The few & the many

Large corporations are challenged sustaining & retaining change agents.  A handful of change agents can make an enormous difference to any organisation.  Change agents are at the heart of the ability to innovate, to adapt and to remain externally focused.  Change agents are often the gateway for new partners, explore the edges and conduit for new ideas into organisations because of their willingness to consider the new, to experiment and to get stuff done.

The ideal model is that leaders everywhere have the capability and the authority to drive change.  Like many ideal models, this oft stated ambition is harder to find in practice.  This difficulty is no excuse for not trying.  However, many corporates deliberately, or unwittingly, adopt a 21st century demarcation between traditional managers who keep the wheels of business as usual turning and their contingent of change agents who transform the business.

The best outcome for corporates is to have a spread of change agents across their business.  That way each function and division can be exposed to change.  For major initiatives, change agents from different silos can collaborate to bring the business together in key initiatives.  Sadly, this model is often the most dangerous for the change agents.  Change agents must operate in the midst of large groups of more traditionally oriented managers, dependent on a tolerance for diversity and ongoing support for their efforts and occasional failures. As one change agent put it to me, this model means that they have to deliver 110% of the contribution of a traditional manager in the organisation & then deliver change just to make their position safe.  The slightest slip creates an opportunity for backlash.

Commonly change agents will exist in clusters drawn to other similar individuals who are interested in new ideas and making change happen.  Some change agents explicitly recruit and develop teams who support their change agenda.  While this model can provide a safe haven to nurture change and change leaders, it creates a risk that the entire cluster can be lost at once with a change of leadership or a mass defection. Increasing fragility is not a sustainable solution.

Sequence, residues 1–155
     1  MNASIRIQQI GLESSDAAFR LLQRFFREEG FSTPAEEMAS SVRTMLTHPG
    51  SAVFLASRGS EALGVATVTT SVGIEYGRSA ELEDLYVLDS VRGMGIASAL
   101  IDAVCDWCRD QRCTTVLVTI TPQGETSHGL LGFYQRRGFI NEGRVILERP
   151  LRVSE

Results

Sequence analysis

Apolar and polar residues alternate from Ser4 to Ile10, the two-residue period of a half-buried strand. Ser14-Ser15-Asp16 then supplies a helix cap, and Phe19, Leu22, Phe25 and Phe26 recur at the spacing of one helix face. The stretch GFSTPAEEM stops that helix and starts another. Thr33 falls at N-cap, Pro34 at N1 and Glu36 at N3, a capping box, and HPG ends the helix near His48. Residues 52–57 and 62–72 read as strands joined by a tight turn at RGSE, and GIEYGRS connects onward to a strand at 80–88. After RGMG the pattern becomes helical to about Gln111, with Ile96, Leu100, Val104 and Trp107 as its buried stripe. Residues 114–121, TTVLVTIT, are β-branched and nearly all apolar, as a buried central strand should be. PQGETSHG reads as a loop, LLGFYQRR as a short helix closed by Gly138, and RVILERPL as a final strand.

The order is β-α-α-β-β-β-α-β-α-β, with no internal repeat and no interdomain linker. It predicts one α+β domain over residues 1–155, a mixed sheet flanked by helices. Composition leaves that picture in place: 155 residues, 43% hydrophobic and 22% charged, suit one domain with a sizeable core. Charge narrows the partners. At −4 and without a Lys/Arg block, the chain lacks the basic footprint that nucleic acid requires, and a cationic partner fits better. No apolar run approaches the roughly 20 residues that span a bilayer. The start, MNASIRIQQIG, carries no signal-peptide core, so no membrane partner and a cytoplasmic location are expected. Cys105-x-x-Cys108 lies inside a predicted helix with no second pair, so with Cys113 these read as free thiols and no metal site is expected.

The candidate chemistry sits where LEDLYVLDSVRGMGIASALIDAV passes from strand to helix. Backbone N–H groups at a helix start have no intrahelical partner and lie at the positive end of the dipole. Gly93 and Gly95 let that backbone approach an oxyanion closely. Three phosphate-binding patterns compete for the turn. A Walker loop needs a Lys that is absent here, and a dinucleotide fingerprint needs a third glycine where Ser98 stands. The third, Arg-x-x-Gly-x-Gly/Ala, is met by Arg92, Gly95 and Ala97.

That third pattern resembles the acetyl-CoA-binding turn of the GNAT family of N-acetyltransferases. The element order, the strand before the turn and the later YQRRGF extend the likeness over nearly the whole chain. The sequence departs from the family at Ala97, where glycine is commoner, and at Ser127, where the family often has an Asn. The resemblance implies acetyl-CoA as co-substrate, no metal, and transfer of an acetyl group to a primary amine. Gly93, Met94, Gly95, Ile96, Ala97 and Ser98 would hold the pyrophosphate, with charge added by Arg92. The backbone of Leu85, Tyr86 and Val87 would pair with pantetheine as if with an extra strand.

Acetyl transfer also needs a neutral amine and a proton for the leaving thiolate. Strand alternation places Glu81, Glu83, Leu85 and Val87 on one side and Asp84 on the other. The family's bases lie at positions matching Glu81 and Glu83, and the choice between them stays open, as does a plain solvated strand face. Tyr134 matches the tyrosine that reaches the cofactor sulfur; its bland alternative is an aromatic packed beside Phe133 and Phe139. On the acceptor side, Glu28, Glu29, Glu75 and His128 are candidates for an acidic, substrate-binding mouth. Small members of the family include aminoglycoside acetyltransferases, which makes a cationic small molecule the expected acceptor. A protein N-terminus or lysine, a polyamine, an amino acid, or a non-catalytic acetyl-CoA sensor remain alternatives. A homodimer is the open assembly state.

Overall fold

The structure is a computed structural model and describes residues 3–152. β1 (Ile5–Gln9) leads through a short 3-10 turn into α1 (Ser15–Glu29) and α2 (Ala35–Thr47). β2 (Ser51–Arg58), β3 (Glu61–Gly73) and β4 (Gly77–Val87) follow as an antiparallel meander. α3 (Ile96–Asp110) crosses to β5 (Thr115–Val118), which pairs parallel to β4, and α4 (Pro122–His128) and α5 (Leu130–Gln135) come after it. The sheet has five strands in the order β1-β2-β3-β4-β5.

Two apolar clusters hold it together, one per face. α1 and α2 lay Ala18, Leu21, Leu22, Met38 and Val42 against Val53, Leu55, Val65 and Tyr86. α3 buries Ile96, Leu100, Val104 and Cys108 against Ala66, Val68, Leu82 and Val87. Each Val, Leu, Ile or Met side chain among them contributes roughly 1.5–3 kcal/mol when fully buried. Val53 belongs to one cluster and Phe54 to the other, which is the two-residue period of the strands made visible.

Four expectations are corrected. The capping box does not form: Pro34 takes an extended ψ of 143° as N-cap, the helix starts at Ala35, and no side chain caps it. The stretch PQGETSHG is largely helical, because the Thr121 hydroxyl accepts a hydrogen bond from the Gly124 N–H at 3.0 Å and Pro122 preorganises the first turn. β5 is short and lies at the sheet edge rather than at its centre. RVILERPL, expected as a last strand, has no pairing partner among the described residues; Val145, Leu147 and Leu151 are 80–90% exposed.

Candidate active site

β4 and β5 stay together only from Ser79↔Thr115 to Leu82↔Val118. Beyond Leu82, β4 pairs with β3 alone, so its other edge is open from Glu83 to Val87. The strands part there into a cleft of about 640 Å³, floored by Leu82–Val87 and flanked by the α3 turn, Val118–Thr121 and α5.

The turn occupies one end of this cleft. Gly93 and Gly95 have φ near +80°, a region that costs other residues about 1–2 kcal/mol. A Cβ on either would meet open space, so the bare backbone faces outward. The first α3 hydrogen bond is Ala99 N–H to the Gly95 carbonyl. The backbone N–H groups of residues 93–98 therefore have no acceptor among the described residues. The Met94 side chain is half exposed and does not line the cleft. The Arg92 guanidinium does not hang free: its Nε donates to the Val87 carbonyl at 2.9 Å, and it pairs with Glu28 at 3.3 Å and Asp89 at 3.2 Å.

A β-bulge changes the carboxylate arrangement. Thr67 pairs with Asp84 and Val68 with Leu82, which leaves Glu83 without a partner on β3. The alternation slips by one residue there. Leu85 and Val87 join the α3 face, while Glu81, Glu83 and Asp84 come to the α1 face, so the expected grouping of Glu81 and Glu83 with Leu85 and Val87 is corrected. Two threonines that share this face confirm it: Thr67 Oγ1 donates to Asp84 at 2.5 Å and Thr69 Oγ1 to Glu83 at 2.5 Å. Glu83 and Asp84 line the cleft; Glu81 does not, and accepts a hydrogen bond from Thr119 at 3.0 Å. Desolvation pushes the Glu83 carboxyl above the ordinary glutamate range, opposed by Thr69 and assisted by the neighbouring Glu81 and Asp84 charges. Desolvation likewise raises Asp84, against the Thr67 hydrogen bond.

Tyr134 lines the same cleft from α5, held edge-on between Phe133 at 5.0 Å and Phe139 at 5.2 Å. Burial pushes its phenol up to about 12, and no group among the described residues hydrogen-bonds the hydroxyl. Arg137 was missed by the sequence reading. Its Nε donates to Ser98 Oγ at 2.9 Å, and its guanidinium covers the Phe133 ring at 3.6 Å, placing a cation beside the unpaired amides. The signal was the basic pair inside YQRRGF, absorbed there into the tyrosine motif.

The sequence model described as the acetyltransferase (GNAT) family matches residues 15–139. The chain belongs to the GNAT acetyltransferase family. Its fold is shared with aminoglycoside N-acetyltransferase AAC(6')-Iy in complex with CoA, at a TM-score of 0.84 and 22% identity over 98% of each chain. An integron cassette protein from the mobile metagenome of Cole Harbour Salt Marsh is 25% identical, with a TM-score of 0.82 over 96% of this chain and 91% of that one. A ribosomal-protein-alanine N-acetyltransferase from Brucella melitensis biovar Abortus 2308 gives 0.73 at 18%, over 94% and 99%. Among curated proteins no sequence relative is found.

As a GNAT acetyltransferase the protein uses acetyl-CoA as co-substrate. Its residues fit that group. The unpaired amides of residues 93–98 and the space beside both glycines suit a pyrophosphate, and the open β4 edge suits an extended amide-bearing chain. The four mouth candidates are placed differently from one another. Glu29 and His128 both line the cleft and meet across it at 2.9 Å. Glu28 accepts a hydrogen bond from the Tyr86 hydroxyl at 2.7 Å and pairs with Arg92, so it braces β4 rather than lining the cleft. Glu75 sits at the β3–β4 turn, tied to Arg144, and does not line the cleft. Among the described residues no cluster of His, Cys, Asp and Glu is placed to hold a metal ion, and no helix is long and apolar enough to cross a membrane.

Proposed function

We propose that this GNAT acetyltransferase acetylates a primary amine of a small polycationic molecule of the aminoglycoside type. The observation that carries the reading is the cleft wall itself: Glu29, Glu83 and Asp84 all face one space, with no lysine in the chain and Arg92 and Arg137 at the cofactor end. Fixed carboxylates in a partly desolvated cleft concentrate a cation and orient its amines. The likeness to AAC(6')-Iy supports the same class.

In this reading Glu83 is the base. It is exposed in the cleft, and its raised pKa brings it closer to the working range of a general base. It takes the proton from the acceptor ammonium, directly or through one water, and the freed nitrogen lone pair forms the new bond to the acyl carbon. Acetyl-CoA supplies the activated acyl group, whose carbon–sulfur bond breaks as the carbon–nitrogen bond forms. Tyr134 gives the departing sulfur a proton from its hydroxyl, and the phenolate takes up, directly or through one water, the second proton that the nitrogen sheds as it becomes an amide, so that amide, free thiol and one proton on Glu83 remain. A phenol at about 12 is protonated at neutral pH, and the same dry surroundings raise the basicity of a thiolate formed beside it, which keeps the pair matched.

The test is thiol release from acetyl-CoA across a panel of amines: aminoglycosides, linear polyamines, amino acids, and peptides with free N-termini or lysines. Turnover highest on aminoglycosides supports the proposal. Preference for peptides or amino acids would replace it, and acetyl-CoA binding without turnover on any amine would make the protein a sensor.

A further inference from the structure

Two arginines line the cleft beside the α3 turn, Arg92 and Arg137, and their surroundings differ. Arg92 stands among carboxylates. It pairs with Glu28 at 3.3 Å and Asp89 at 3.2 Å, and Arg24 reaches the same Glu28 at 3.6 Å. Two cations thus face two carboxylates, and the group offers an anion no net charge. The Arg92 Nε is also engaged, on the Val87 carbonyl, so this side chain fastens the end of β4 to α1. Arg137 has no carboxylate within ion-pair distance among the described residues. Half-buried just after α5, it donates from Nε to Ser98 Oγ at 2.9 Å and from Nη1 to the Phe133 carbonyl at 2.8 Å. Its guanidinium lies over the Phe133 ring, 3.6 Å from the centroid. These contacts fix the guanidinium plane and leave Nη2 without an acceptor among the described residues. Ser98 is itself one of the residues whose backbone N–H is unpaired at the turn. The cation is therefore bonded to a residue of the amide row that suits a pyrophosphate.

So what can be done to foster the growth of change agents across an organisation?  Here are 6 actions to help.

  • Know who they are, what they are working on and show interest.  Who are your ‘go to’ people if it is new, difficult or demanding?  A simple cup of coffee or a phone call can do wonders in retaining and encouraging people to push for change.  Clearly, if you run talent processes you can be more deliberate in investing in their development and careers.
  • Value project work as much as line management.  Change agents will be drawn to projects, but if it is a ghetto you will lose their impact in the rest of the business.
  • Encourage diversity of individuals, allow diverse management styles and make openness to the new & different a key value in your organisation.  Remember not all change agents are charismatic leaders and many will be far from traditional homes in edgy technology, creative or strategic business opportunities.  The effective styles are as diverse as human nature.  Some of the most effective individuals may be working in surprising parts of the organisation.
  • Network your change agents so that they do not feel isolated, can share lessons, can collaborate and even use their collective power.  Encourage change agents to share their skills and develop teams of others who can drive change. An enterprise social network will help if your culture allows it.  Also encourage your change agents to network externally and to learn from others.  
  • Ensure your performance management systems reward people for driving change and do not fatally punish a single setback.  Peer measurement and forced rank systems can exaggerate the impact of setbacks & can be vulnerable to politics if not well managed.  If you only value delivery of business as usual results in performance and find comparisons to change agents hard, your change agents will get the message quickly.
  • Foster a culture of working aloud & sharing of ideas.  Working aloud provides protection for change agents. More importantly, it enables the change agents to role model their behaviours to inspire others across the organisation to embrace & lead change.

A little investment in change agents goes a long way.  Too many organisations have missed their opportunity.  They are the ones left wondering why change is suddenly so hard.

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